The control and regulation of FEthe micro-management, the target-driven culture in which colleges operateare highly undesirable and make them less able to respond to local needs. It is immensely costly, inhibits their capacity to innovate and underestimates the immense and valuable human capital that exists within colleges, particularly at senior management level. Those are not the views of a Conservative shadow Minister aiming to make a party political point, but of the sector itself, reflected in the report by Sir Andrew Foster that I mentioned earlierI brought a copy into the Committee, so that the Minister can study it himself. Sir Andrew complained of the galaxy of oversight, inspection and regulation faced by FE colleges. He listed organisations with a monitoring, inspection or improvement role in FE colleges and specifically recommendedthe Committee should bear in mind that this was four years agothat
The Government should further rationalise the oversight, inspection and accreditation bodies
associated with further education. Since then moves to self-regulation have been snail-like on the part of Ministers. We hope that, by tabling the amendments, we can turn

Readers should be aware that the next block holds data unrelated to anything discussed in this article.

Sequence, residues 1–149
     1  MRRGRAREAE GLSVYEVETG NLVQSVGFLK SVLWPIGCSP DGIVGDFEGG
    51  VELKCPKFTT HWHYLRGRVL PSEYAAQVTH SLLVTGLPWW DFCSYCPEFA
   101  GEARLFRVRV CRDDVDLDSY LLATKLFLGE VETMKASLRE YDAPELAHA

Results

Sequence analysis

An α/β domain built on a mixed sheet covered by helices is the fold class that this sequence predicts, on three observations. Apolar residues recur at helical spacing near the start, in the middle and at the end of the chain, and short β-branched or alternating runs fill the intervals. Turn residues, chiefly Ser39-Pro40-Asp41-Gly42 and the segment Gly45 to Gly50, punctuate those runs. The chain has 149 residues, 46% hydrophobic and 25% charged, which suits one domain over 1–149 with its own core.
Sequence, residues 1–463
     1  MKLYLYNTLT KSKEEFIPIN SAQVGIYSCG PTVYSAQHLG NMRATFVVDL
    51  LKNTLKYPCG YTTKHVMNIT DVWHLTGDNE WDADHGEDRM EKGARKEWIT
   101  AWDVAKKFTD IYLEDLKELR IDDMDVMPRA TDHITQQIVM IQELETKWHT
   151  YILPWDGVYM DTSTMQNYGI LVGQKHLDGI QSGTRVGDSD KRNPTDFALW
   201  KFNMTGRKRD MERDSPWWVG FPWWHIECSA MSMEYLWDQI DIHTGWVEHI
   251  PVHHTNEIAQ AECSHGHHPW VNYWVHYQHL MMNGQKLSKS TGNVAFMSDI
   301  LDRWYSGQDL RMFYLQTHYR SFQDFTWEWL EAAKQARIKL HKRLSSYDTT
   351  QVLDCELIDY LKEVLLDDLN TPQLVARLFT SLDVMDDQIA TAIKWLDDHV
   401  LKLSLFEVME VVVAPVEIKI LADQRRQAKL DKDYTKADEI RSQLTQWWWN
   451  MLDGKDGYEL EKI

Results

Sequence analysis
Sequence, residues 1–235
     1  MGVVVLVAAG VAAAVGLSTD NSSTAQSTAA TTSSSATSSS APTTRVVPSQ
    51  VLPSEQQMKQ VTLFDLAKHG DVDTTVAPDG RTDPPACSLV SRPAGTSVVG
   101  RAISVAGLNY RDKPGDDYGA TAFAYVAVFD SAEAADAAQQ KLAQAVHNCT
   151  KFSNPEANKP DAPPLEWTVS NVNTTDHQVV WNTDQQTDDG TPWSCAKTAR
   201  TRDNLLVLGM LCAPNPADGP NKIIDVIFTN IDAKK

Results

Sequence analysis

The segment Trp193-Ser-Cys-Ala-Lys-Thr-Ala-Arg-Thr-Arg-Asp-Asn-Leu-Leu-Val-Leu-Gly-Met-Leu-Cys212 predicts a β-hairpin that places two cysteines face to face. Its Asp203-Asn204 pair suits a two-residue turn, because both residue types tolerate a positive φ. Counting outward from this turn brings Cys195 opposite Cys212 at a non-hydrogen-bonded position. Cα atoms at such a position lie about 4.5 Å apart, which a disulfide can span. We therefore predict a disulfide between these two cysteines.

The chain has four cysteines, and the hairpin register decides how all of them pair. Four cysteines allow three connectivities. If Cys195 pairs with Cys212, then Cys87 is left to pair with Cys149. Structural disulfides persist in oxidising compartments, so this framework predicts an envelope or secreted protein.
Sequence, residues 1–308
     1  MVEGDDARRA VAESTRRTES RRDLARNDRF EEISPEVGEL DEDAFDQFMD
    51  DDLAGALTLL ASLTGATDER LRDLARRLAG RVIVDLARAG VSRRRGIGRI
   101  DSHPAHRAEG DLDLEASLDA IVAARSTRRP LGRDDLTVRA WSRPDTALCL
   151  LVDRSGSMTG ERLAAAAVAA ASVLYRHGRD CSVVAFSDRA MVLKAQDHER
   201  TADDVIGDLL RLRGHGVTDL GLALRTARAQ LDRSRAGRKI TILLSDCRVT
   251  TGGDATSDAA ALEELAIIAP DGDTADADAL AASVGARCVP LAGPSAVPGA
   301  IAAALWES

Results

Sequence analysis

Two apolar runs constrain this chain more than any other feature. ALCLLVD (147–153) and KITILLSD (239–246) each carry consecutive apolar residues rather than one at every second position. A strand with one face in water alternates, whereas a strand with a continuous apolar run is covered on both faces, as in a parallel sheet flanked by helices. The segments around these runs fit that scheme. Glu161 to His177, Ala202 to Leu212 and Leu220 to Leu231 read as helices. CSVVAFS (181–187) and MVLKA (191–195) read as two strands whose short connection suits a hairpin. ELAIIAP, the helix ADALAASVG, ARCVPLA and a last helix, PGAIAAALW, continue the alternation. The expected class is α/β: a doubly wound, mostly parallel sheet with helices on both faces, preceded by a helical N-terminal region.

Under the amendments, colleges would have to only respond to one body that will appreciate its education provision and student needs far better than the system proposed by the Government. We have heard the Minister cite both the AOC and the 157 Group as apparent supporters of the Bill. However, Graham Moore from the 157 Group, in our witness sessions, said:
It is important for collegessixth-form colleges and general FE collegeswhich recruit over quite a wide area, that we do not revert to the situation pre-incorporation when every local authority had to have every bell and whistle.[Official Report, Apprenticeships, Skills, Children and Learning Public Bill Committee, 3 March 2009; c. 26, Q74.]
The point about independence was made even more strongly by Mr. Moore later on. He felt that LEAs were not the right bodies to oversee FE colleges work, and specifically not to direct their student body and learning provision. We agree wholeheartedly with that position, which is why we have tabled the amendment, which will enable us to reach the stage suggested by the Association of Colleges in the evidence session at which they argued
there should be one rather than two national agencies.
Mr. Moore went on to say: